Become a Member
Are you a practitioner of Ayurveda, Unani Tibb, or Greek Medicine (Western Herb 'Energetics')?
to get a modern, integrative certification for your practice.
We offer credentials in Biocharacteristics, Ayurveda, Unani Tibb, and Greek medicine
that are suitable for integration with modern healthcare providers,
and well-adapted to every social group and community culture.
Do you educate people to professionally practice Ayurveda, Unani Tibb, or Greek Medicine?
Become a Certified School
Who can apply?
You may apply if you have graduated from a school that teaches students to professionally practice
Ayurveda, Greek medicine, Unani Tibb, or other Biocharacteristics medical professions.
Student and international members are also welcome.
What is AABC?
The American Association of Biocharacteristics Clinicians (AABC) unites Ayurveda, Unani Tibb, and Greek Medicine clinicians
under the common umbrella of Biocharacteristics medicine
AABC is leading the effort to improve access to and acceptance of these health modalities, for use across all social groups and cultures.
- We represent clinicians from these ancient traditions and promote them to modern healthcare providers.
- We foster patient-centered care that focuses on the culture of the client, not the medicine.
- We explain these modalities using professional language that make sense to everyday people and appeals to modern healthcare providers.
- We encourage broad acceptance across all social groups, income levels, and professions.
As a result, our members are better able to reach and promote their practice in their local communities, and provide their unique health services to them.
Despite great personal investment and skill,
modern practitioners face obstacles to promoting Ayurveda, Unani, & Greek medicine successfully in their local communities.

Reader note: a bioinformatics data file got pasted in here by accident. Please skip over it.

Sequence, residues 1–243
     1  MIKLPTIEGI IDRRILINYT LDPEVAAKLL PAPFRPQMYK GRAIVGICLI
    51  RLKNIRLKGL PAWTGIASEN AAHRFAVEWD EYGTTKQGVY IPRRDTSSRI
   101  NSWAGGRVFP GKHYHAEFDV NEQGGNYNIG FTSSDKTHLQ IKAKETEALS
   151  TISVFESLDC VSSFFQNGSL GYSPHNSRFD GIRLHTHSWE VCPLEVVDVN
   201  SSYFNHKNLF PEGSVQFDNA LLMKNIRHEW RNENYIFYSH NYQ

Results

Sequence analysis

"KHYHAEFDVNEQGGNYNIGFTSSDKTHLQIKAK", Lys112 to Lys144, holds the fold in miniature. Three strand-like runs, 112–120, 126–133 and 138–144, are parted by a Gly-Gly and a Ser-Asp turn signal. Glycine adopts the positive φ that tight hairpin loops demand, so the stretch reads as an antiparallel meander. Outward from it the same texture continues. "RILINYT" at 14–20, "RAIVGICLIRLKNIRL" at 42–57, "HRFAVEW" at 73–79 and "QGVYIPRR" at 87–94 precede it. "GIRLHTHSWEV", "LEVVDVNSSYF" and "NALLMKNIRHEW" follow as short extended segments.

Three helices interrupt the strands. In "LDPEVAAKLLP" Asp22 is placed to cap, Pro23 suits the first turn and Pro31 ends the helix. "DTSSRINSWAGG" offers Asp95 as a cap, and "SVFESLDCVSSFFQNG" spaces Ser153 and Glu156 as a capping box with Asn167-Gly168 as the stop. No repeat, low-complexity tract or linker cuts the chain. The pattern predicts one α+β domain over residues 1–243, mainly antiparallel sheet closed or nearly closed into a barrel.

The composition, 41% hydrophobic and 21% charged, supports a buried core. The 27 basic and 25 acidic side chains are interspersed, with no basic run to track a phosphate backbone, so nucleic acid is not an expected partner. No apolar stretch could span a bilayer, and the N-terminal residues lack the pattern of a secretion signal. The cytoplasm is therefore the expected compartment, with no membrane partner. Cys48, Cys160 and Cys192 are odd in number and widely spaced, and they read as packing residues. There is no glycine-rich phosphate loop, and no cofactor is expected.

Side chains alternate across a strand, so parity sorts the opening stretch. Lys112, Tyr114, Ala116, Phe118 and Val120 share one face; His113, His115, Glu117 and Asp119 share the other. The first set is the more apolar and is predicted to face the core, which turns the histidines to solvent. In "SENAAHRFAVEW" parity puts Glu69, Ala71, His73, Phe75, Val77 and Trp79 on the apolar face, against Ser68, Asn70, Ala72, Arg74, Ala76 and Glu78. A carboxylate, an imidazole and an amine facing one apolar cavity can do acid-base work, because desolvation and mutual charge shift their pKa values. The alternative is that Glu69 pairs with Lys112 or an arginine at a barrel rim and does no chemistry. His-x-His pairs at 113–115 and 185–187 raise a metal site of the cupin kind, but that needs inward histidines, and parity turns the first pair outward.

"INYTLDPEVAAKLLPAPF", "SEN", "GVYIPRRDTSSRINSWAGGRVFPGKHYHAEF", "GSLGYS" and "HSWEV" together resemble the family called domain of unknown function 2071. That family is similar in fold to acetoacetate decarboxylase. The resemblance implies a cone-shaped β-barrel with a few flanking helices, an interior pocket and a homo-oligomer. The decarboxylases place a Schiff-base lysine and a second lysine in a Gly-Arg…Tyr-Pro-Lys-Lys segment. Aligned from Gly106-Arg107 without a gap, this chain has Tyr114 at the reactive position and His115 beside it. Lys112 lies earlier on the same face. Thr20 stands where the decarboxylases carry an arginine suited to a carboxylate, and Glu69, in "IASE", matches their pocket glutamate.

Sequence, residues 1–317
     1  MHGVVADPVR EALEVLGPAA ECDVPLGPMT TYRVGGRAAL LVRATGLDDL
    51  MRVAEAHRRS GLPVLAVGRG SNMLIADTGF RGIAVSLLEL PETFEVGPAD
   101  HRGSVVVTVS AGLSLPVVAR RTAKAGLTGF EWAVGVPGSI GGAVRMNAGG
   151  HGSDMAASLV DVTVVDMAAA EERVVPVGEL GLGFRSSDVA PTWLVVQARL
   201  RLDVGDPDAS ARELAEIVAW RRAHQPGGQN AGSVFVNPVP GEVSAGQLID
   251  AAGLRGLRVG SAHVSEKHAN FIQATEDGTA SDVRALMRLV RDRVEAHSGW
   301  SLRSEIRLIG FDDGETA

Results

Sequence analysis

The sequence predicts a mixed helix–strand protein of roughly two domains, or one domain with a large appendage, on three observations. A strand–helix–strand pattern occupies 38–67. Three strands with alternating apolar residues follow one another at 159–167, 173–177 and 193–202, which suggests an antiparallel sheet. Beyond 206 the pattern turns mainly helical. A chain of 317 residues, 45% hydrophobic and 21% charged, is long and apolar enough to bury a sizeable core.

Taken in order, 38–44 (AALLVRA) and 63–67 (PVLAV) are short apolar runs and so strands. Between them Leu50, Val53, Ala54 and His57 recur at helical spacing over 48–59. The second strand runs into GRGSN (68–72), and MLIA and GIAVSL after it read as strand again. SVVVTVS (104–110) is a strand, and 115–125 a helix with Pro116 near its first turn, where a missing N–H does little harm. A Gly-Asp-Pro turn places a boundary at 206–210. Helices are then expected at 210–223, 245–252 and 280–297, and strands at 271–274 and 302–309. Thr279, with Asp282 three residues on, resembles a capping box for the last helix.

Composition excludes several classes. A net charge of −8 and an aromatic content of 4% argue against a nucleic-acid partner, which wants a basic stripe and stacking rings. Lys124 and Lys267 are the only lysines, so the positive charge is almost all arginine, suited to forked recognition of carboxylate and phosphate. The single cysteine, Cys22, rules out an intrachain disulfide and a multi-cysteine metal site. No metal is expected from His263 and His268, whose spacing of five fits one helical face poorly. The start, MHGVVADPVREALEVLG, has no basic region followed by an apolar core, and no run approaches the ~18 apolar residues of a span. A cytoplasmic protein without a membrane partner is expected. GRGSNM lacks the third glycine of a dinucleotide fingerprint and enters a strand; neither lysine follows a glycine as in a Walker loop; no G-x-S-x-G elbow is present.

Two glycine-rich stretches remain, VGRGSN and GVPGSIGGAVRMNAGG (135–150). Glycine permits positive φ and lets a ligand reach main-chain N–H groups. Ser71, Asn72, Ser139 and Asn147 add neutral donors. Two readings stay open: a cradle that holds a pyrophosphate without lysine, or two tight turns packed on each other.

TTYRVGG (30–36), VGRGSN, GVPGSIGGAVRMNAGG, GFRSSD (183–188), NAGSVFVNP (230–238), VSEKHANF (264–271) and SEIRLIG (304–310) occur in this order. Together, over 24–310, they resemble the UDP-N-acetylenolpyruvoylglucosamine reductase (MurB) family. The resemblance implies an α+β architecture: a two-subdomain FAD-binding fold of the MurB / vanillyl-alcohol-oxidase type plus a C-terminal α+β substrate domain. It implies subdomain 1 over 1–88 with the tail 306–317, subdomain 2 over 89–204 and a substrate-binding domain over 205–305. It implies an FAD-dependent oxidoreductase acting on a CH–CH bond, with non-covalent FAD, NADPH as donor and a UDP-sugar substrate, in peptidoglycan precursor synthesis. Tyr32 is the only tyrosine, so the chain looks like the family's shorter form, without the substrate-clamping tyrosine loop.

A quick glance at the Ayurveda profession in the United States reveals significant obstacles preventing Ayurveda's success
AABC solves this problem, giving our members the ability to:
- Expand their practice beyond current cultural obstacles limiting their success & reach;
- Provide patient-centered care that focuses on the culture of the client, not the medicine;
- And, expand their scope of training to other Biocharacteristics' traditions, cross-pollinating between them.
The word Acupuncture makes Traditional Chinese Medicine (TCM) more accessible.
As a descriptive term, the word Acupuncture communicates the method, making TCM more understandable to people worldwide.
Similarly, Biocharacteristics makes Ayurveda, Unani Tibb, and Greek medicine more accessible, understandable and easier to invest in.
It communicates the fundamental method of the above 3 traditions.
Acupuncture & Biocharacteristics are culturally neutral, universal terms.
Clients do not have to adopt a new culture or religion in order to participate in them.
The result is that these traditions can reach new multi-cultural audiences and social group.
This allows whole communities to evaluate, understand and benefit from the medical insights of these 3 traditions.
Certify Your Practice in Ayurveda, Unani Tibb, or Greek Medicine
AABC's practical, modern certification can be used in all professional settings.
"My friends and family started to feel I was practicing a form of medicine, rather than a new lifestyle or set of cultural habits. AABC helped me present myself and my practice in a more familiar way."
"AABC's cross-cultural terms make my practice more accessible. I can reach whole new communities with this paradigm."
"Biocharacteristics science makes sense to my friends and colleagues. They trust more in my clinical model, and invest in me."
"Biocharacteristics science boosted the credibility of my clinical practice."
"Now I can practice the traditional medicine of my culture, AND also point to the science of it."
How Does AABC Improve Clinical Success?
We strengthen the professionalism of our member clinicians by:
- Explaining the Biocharacteristics theory of medicine in common sense terms, helping your clients, and other healthcare providers, understand what you do.
- Creating a culturally neutral, clinical atmosphere that anyone can invest in regardless of culture or creed, and that feels familiar and adaptable to any social group.
Develops and Improves as Modern Research Advances
While AABC embraces clinicians with culturally or spiritual specific practices,
associations have a special responsibility to represent all clinicians in the profession
by remaining culturally and spiritually neutral, and focusing on clinical outcomes.
We've seen many associations where lack of focus on clinical outcomes has led to politics and conflict,
and prevented the advancement of the entire profession.
Culture, and tradition are difficult to change through academic analysis.